Migrated silicone gel

    In situations that involve damaged, leaking, or ruptured silicone gel breast implants, free silicone gel can escape from the implant into the space inside the capsule. Any silicone gel that has escaped is usually contained within the capsule.

    In other cases free silicone gel that has escaped from the implant may break through the capsule and spread to surrounding breast tissue, muscle and chest wall around the breast implant. Additional surgical procedures may be needed to remove migrated gel material. It may not be possible to completely remove all migrated gel material discovered during surgery.

    The body attempts to contain free silicone gel by forming a granuloma around the gel. A silicone granuloma feels like a hard lump in the breast. A similar reaction can result in lumps in the lymph glands of the armpit.
    Any lump in the breast or the armpit should not be ignored and investigation and removal of a silicone granuloma is recommended.
    In these cases where a silicone granuloma has formed because of gel leak out of an implant, the silicone breast implants should be removed and, if desired, replaced with new implants.

    Change in nipple and skin sensation

    Some change in nipple and skin sensation can be expected after surgery to remove implants and capsulectomy. Partial or permanent loss of nipple and skin sensation may occur in up to 10% of patients.
    This may affect sexual response or the ability to breast feed.
    Normal sensation may take several months to return. Occasionally loss of nipple and skin sensation may be permanent.

    Chest wall deformity

    Chest wall deformity occurs from the pressure of the breast implant. This chest wall deformity may to be visible under the skin if there is very little breast tissue remaining after removal of implants.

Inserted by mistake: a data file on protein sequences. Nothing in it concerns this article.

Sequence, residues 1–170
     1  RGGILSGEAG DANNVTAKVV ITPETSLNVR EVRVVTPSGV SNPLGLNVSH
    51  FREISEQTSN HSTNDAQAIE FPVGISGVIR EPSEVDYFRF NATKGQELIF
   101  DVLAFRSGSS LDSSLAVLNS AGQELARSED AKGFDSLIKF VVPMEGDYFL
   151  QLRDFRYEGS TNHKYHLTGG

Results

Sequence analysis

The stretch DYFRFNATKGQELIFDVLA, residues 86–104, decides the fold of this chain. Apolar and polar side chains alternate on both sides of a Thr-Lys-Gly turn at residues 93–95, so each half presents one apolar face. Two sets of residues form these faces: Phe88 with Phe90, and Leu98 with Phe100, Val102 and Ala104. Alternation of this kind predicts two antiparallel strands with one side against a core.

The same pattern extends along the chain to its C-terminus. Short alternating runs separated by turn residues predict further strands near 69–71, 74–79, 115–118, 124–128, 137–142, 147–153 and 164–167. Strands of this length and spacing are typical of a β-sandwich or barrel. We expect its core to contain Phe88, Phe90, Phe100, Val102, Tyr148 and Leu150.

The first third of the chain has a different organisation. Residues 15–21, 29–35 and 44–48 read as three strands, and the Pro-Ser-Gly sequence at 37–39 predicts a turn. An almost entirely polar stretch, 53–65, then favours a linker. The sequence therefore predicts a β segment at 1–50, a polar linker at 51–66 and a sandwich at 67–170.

Change in appearance of the breasts

    Breast implants contribute to the shape and projection of the breast. Following removal of breast implants there will be a significant loss of breast volume, and the breasts will appear flatter and emptier. There may be an excess of skin causing the breast to look distorted, saggy and the skin wrinkled.
    The shape of the breasts will appear changed and additional surgery may be necessary to re-shape the breasts after implant removal.
    The altered physical appearance of the breasts after implant removal and capsulectomy may have a negative psychological effect on your body image and may affect your sexual relations.

    Smaller breast size

    If breast implants are not replaced after removal and capsulectomy, the size of the breasts will be smaller and your bra cup size will also change. The breast may change shape and size with time.

    Breast asymmetry

    The breasts may be a different size after removal of implants and capsulectomy. The size difference may relate to normal variation in breast size or to the removal of additional breast tissue, if required, to remove all scarring and silicone granulomas.

    Undesirable result

    You may not be happy with the shape of your breasts after surgery despite having achieved an adequate result. Factors relating to the degree of surgery required to perform the capsulectomy, and unrelated to the expertise of the surgeon's; may influence the final outcome of your result.

    Mammography

    Breast cancer can form at any stage and is independent of breast implants. It is important to continue to have regular mammograms and to perform regular breast self-examination after removal of breast implants. Any lumps that are found should be brought to the attention of your doctor.